When I look at the photograph of Remington’s studio, I don’t see clutter. I see inspiration. I imagine that every object held meaning for him and inspired him to paint. And write. He was a prolific writer and artist.
Objects have power. Energy. Drive. Objects evoke memories. Memories connect to the heart. The heart stirs passion.
When I had a studio in the Ford Building in the heart of the warehouse district, then in Northrup-King in Northeast, it had the same kind of feel; I surrounded myself with sensual objects.
At any one time in my art studio you could find:
- rusty wheel hubs to photograph (decay is inspiring)
- bags of cattail leaves and day lilies (to beat into handmade paper)
- hanging replicas of human spines bought from a specialty store at the Mall of America (to study and create my own clay models of backbones)
- clear, rectangular, plastic bags of red clay from Minnesota Clay
- rolling pins, camel’s hair brushes, lime plastic triangles, heavy wooden rulers, every size
- butterfly & moth wings gathered from their dead corpses, a lynx tail from a fur trapper given to me by a friend, a tawny snapping turtle shell the size of two breadbaskets
- photographs of sandhill cranes flying in formation over the Platte River in Nebraska
- an easel, a life-size black & white mural print of me & my art classmates taken by a locally famous photographer
- brown suitcase from the 50′s with brass hardware filled with old magazines (images for inspiration)
- candles, a Taos drum and rattle I bought at the pueblo in the 80′s
- fine-lined Staedtler ink pens, two shoeboxes full of Grumbacher acrylic paint tubes, a black leather portfolio of black & white photographs
- sandpaper in all grains, Craftsman screwdrivers, a small metal hammer, brass nails, steel tacks, a hand-rivet fastener, odorless paint thinner, miscellaneous cans of spray paint, cardboard stencil set, hanging lines of tiny beads from Bearhawk Indian Store, a small red sewing kit containing thread, scissors, buttons, needles, that my ex-partner’s parents brought me from a trip to China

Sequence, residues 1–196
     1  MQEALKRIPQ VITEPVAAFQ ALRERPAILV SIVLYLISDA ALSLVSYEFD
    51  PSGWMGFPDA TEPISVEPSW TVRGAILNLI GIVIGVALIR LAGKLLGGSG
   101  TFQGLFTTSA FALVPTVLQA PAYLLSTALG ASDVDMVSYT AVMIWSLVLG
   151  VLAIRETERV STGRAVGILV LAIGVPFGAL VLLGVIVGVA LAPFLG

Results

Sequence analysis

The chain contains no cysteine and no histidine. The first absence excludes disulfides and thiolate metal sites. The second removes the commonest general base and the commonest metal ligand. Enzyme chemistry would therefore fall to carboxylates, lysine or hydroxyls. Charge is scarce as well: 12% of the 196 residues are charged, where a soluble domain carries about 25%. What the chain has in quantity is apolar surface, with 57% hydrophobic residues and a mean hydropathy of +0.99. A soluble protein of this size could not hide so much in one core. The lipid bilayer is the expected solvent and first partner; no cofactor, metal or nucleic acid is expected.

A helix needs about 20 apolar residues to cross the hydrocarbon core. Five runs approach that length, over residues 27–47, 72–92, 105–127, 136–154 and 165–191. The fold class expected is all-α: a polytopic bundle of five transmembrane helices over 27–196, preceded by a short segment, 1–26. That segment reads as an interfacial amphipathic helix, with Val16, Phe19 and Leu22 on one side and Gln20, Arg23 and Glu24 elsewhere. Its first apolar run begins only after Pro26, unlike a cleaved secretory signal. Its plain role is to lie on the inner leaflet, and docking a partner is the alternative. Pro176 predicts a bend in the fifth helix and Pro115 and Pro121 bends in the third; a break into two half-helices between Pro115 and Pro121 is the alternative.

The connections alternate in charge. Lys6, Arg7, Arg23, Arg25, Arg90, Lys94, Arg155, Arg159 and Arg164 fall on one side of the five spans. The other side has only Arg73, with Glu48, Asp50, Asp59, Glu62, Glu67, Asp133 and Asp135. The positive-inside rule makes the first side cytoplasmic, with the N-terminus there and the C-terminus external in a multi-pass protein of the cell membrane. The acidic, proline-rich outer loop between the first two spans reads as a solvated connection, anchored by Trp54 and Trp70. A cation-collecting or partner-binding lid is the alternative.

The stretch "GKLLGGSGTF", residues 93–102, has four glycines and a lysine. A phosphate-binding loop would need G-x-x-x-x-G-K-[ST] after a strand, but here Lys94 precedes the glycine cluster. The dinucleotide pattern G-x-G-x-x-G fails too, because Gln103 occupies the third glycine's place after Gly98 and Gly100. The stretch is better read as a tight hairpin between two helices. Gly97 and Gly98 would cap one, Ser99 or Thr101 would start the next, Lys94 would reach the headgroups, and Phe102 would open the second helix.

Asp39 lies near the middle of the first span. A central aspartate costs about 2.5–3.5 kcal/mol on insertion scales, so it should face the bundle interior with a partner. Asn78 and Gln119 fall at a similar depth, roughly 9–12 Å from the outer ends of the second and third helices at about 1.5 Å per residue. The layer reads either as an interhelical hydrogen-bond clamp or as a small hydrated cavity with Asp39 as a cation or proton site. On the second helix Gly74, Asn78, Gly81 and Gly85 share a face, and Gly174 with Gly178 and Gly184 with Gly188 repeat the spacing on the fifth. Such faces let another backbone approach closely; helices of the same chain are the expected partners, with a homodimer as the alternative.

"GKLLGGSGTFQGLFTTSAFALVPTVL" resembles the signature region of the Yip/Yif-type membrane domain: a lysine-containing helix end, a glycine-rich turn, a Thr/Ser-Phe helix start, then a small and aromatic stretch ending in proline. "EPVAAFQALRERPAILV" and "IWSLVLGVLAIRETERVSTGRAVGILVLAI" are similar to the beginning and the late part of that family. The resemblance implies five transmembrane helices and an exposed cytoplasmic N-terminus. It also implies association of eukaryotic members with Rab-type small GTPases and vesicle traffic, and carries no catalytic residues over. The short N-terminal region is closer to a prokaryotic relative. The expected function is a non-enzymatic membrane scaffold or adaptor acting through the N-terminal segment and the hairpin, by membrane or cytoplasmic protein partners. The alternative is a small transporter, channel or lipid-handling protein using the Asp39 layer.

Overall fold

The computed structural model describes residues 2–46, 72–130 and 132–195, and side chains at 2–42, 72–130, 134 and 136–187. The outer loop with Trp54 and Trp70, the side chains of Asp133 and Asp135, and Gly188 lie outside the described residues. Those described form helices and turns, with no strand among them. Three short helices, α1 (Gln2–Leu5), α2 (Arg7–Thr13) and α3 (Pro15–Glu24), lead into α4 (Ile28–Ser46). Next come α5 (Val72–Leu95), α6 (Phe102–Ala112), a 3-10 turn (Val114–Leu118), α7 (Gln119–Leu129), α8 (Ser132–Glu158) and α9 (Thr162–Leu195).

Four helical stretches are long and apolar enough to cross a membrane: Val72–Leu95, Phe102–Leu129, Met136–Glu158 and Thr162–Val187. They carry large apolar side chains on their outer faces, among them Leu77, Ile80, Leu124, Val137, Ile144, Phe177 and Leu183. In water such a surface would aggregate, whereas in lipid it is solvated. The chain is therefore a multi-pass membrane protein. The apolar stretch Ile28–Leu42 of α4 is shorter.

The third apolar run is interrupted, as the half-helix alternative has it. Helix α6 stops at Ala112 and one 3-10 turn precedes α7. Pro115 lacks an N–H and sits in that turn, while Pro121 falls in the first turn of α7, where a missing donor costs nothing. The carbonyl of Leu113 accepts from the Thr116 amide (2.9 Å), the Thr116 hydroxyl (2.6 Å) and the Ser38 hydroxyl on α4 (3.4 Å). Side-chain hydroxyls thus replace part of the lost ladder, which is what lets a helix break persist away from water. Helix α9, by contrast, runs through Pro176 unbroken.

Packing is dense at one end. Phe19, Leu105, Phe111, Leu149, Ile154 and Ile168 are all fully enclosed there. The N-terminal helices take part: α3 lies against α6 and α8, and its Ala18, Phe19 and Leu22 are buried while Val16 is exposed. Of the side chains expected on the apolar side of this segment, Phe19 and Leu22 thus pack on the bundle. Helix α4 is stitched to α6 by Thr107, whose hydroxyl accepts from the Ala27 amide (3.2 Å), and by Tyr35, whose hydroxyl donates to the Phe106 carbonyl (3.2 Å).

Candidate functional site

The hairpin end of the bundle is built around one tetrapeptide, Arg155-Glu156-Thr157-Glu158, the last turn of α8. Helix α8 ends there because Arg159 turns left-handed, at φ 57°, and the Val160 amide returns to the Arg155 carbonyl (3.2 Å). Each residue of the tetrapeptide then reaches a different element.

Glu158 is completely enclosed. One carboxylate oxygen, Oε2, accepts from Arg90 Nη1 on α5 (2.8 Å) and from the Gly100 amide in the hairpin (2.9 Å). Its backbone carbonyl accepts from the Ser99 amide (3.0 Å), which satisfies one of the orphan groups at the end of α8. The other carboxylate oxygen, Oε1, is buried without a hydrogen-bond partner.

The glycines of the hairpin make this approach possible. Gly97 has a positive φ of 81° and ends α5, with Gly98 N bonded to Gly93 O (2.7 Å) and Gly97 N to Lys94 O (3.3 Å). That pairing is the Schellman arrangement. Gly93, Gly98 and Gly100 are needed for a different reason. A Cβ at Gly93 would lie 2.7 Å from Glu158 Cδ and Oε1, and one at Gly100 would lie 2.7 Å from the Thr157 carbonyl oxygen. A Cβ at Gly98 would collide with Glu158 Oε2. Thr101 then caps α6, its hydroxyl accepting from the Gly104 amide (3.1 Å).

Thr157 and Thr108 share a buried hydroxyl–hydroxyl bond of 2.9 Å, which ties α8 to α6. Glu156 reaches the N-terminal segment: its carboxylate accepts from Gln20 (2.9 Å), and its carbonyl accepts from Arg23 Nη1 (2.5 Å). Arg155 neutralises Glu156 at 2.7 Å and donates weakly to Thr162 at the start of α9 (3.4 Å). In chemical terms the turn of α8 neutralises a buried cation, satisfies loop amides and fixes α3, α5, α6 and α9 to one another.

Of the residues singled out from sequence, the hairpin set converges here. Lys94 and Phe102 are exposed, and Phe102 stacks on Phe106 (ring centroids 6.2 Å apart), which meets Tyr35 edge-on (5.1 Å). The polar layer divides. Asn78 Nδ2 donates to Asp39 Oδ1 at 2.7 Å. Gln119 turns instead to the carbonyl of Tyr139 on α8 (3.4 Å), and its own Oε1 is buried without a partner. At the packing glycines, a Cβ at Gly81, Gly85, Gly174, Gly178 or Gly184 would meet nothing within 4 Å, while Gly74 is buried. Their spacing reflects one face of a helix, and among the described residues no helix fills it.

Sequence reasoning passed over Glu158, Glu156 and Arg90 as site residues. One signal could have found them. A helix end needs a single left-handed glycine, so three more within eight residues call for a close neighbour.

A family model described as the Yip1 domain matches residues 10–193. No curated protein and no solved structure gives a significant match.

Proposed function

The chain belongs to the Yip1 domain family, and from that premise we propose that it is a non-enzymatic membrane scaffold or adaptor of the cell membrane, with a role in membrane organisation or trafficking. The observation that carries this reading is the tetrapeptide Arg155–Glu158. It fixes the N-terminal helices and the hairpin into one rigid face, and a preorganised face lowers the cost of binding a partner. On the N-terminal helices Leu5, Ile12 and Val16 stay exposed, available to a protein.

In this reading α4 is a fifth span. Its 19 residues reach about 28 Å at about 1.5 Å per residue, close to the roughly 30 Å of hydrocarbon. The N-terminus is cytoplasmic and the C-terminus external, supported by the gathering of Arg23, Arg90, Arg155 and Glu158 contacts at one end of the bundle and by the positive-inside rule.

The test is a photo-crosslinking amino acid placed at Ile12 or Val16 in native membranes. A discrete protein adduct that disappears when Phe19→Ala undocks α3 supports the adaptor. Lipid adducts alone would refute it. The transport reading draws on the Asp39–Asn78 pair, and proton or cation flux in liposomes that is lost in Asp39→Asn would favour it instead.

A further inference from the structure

- rusty woodstove parts from a half-buried, half-exposed land dump (everyone did this on farms back then) on the land of an artist friend’s grandmother in Thief River Falls
- rolled and stained, off-white canvas with ragged edges (used to roll out clay tiles)
- stretched canvas for painting, erasers of every type, size, texture
- red framed metal shelves, loaded with art books, giant hooks and pulleys, top shelf full of antique cameras, bottom shelf with a plaster mold of the snapping turtle shell that I used to make a papermaking sculpture (that mold is the coolest; I still have it)
- plaster mold of my face (at 39) when I still had the 2 moles on my cheeks, fewer wrinkles, and more time ahead of me
- 1 bees wax & 1 red clay cast of my face from that same plaster mold
The list could go on and on and on. But I’m running out of time. What I want to say about Remington’s studio is that the objects I am drawn to are his easel with the half finished painting, the round drum on the square wooden stand, the leather chaps lined up in a row on the wall, and the round-edged hat hanging almost smack dab in the center.
I imagine that hat on his head when he had lunch with Teddy Roosevelt. And I get a hunger to visit the Badlands.
Thursday, July 26th, 2007
-10 minute practice on Topic post, Remington’s Studio